Effectiveness of a night positioning programme on ankle range of motion in patients after hemiparesis: A prospective randomized controlled pilot study
Lauren DeMeyer, Marcie Brown, Ashley Adams
Rehabilitation Hospital, New Hanover Regional Medical Center, 2131 S. 17th Street, Wilmington, NC 28401, USA. E-mail: email@example.com
Objective: To investigate the effect of night positioning on ankle motion in patients after stroke or brain injury.
Design: Prospective randomized controlled pilot study with 3 groups: bivalve cast; pressure-relieving ankle–foot orthosis; and control.
Subjects/patients: Adults (n = 46) in inpatient rehabilitation with lower extremity paresis following stroke or brain injury.
Methods: Intervention group participants wore a custom bivalve cast or pre-fabricated orthosis 8–12 h/night. The primary outcome variable was passive ankle dorsiflexion. Muscle spasticity (Modified Ashworth Scale) and functional mobility (Functional Independence Measure) were also assessed.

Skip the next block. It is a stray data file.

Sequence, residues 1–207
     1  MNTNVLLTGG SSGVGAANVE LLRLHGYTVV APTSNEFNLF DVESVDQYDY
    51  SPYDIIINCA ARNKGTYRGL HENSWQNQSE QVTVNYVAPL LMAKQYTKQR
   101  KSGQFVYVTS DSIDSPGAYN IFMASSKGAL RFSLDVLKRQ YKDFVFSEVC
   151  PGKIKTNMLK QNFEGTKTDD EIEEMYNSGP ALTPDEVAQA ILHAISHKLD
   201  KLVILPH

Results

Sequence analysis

Results: No significant differences were found between groups for all outcome measures at the pilot sample size (p > 0. 05). Control and pressure-relieving ankle–foot orthosis groups showed improvement in ankle dorsiflexion, and the bivalve cast group demonstrated a trend toward decreased spasticity. Positioning interventions were tolerated for approximately 11 h/night. Baseline range of motion was measured and a retrospective power analysis determined that a sample size of 234 is needed for 80% power to establish significance.
Conclusion: Future research with a larger sample size is re-commended to determine significance and whether a more specific subset of patients would benefit from night positioning to maximize treatment time during daytime therapy sessions.
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